Rhodocollybia maculata (Alb. & Schwein.) Singer - Spotted Toughshank

Phylum: Basidiomycota - Class: Agaricomycetes - Order: Agaricales - Family: Marasmiaceae

Rhodocollybia maculata - Spotted Toughshank

Fruiting most often in small groups or clusters, this very attractive litter-rotting fungus is not a fussy feeder: it occurs under conifers (particularly under pines) and much less often under deciduous hardwood trees. It is such a delight to come across a group in prime condition, particularly if you have opportunities to observe over several days the almost magical appearance of the reddish spots; they show up first on the cap surface and then later near the stem base before finally also erupting randomly from the gills.

Distribution

Rhodocollybia maculata - Spotted Toughshank, Hampshire, England

Common and widespread across Britain and Ireland and in mainly northern and central countries on mainland Europe, the Spotted Toughshank occurs also in parts of North America, including Canada.

Taxonomic history

The Spotted Toughshank was described scientifically in 1805 by German-American mycologists Johannes Baptista von Albertini (1769 - 1831) and Lewis David von Schweinitz (1780 - 1834), who gave it the binomial name Agaricus maculatus. (In the early days of fungal taxonomy most gilled mushrooms were placed in the genus Agaricus, which was later broken up into the many other genera that we use today.) The currently-accepted scientific name of the Spotted Toughshank was established in 1939, when German-born mycologist Rolf Singer transferred this species to the genus Rhodocollybia.

Synonyms of Rhodocollybia maculata include Agaricus maculatus Alb. & Schwein., Collybia maculata Alb. & Schwein.) P. Kumm., Collybia maculata var. maculata (Alb. & Schwein.) P. Kumm., Agaricus maculatus var. immaculatus Cooke, Collybia maculata var. immaculata (Cooke) Massee, and Rhodocollybia maculata var. maculata (Alb. & Schwein.) Singer.

The synonym Collybia maculata still appears in many modern field guides, but this fairly common woodland mushroom now seems to be comfortably settled in its new genus home Rhodocollybia, along with the Butter Cap and a few other former members of the former Collybia toughsank gang.

Etymology

The pinkish tinge to the gills provides a clue to the genus name Rhodocollybia, as the prefix Rhod- means pink (as in Rhododendron). The second part of the generic name -collybia is also Latin and means a small coin. The nickname Pink Penny comes to mind, therefore, although as I made it up it is perhaps now best forgotten.

As you might expect, the specific epithet maculata means spotted (just as immaculate means spotless).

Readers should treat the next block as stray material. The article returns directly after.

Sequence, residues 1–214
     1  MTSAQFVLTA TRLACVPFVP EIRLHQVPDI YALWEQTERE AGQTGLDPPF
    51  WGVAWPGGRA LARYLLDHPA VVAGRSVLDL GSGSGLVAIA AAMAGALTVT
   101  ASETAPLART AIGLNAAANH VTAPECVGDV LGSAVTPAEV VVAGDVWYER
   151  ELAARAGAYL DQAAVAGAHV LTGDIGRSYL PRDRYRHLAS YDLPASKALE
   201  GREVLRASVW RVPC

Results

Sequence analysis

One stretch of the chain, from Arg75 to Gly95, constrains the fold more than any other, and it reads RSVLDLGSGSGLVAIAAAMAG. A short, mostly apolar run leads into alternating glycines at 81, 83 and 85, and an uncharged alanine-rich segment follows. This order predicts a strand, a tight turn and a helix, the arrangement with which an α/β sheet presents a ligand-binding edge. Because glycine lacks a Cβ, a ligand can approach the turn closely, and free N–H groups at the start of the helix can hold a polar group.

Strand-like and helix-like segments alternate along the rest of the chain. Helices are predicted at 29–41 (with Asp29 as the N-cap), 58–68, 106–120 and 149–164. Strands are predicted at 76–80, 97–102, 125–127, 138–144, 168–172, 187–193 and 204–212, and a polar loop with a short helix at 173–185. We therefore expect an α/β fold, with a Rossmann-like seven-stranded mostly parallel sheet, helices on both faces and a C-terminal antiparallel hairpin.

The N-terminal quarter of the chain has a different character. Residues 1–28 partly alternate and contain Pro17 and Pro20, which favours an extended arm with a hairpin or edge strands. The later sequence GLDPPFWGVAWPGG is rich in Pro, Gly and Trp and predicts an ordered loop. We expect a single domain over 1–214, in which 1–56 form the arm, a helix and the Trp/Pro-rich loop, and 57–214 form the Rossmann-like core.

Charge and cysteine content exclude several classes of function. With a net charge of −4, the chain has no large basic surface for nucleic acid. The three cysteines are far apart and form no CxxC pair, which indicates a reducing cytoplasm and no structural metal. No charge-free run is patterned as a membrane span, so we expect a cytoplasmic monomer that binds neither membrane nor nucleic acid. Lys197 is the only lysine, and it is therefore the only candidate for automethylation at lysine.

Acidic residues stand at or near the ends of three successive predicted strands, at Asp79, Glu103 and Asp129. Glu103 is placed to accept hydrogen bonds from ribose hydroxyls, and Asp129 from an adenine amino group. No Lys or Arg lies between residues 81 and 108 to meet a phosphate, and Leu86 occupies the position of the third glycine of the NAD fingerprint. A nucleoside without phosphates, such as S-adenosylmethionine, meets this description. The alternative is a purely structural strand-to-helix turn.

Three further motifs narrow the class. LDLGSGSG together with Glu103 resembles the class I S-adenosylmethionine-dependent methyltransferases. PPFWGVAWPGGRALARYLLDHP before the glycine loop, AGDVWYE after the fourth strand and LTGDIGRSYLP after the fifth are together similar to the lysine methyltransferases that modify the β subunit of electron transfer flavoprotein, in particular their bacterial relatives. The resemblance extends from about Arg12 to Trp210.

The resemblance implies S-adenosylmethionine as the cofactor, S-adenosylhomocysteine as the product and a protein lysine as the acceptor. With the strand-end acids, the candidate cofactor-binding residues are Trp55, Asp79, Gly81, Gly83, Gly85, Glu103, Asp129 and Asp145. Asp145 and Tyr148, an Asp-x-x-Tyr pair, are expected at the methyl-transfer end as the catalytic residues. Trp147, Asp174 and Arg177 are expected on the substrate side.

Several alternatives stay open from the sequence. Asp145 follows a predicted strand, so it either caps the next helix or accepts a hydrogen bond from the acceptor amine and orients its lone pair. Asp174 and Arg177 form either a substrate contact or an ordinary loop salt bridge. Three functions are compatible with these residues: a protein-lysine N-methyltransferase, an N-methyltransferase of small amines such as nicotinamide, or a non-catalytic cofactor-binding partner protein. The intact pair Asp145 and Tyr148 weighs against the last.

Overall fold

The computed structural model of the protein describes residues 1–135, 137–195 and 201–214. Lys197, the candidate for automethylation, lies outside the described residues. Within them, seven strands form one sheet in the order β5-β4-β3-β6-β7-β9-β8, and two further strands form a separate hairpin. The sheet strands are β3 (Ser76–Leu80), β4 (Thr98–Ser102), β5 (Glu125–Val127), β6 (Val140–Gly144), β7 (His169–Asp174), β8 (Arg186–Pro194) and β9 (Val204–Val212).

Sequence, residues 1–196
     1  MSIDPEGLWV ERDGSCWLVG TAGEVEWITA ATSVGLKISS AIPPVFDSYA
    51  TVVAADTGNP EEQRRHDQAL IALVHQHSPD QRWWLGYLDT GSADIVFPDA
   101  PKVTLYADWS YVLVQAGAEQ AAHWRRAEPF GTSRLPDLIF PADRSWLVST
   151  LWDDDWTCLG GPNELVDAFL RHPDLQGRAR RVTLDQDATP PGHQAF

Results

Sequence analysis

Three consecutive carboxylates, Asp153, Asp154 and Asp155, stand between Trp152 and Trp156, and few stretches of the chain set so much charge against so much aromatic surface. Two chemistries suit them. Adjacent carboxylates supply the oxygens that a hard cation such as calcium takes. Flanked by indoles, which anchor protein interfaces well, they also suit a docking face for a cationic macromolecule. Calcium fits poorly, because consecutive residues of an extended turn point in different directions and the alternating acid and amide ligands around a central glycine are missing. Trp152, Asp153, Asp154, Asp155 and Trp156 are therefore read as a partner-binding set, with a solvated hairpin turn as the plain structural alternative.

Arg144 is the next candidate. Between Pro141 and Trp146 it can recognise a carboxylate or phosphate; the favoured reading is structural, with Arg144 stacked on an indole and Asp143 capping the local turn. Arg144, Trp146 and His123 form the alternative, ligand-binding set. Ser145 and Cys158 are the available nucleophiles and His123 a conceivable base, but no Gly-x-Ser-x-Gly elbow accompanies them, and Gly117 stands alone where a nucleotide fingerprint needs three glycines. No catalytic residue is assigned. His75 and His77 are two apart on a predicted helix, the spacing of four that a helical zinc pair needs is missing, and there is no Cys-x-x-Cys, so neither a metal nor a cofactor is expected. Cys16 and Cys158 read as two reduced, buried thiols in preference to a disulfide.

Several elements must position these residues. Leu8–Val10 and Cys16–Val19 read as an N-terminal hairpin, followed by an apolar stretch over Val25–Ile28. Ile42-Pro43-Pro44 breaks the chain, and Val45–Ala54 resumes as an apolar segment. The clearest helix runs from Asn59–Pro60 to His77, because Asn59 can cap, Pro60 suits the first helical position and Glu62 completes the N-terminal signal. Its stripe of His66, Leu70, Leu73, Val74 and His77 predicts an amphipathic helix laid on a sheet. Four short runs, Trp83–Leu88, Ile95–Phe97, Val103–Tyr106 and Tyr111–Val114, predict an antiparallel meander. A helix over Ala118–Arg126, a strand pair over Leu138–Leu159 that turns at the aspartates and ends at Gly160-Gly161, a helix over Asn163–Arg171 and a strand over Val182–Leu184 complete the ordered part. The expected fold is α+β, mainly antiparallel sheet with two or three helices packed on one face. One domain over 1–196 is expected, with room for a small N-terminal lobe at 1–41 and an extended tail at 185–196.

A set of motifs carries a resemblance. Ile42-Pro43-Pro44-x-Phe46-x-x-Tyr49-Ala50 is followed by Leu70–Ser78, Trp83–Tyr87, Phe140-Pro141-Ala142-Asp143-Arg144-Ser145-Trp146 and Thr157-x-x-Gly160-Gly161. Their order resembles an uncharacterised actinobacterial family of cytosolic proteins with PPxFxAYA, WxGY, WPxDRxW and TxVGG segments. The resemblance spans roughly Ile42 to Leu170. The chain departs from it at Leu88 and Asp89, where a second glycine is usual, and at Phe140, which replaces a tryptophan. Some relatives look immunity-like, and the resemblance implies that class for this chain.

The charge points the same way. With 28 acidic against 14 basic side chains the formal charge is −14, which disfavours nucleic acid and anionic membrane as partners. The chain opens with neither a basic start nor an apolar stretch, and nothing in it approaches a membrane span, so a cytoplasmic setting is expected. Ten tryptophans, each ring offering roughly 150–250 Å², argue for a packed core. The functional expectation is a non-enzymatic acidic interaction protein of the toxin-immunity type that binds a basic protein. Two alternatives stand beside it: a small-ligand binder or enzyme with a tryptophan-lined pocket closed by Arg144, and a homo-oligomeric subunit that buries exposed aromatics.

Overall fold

Identification guide

Cap of Rhodocollybia maculata

Cap

5 to 12cm across; broadly convex, flattening with a wavy margin that often turns upwards to create an irregular saucer shape; creamy or pinkish white, developing tan spots or blotches.

Gills of Rhodocollybia maculata

Gills

Adnexed, adnate, emarginate or sometimes free of the stem; crowded; white, developing rust-like reddish-brown spots with age.

Stem of Rhodocollybia maculata

Stem

5 to 10cm long and 0.8 to 1.2cm dia.; white, developing rust-like reddish-brown spots; no ring.

 

Spores

Ellipsoidal to subspherical, smooth, 5.5-6.5 x 4.5-5.5µm.

Spore print

Cream, often with a pinkish tinge.

Odour/taste

Odour not distinctive; taste bitter (and so unpleasant as to make them inedible).

Habitat & Ecological role

Saprobic, on needle litter, lignin-rich soil or well rotted buried wood, mainly under conifers but occasionally also in deciduous woodland.

Season

June to November in Britain and Ireland.

Similar species

Rhodocollybia distorta is a much less common species with a dry, red cap and a more swollen base below a twisted stem; its gills are not spotted.

Rhodocollybia butyracea is usually darker and has a very greasy cap; its gills are not spotted.

Culinary Notes

The Spotted Toughshank is tough and bitter tasting, and so although not known to be a seriously poisonous mushroom this species is generally considered inedible and of no culinary value.

Reference Sources

Fascinated by Fungi, Pat O'Reilly 2016.

Dictionary of the Fungi; Paul M. Kirk, Paul F. Cannon, David W. Minter and J. A. Stalpers; CABI, 2008

BMS List of English Names for Fungi

Taxonomic history and synonym information on these pages is drawn from many sources but in particular from the British Mycological Society's GB Checklist of Fungi and (for basidiomycetes) on Kew's Checklist of the British & Irish Basidiomycota.

Acknowledgements

This page includes pictures kindly contributed by David Kelly.

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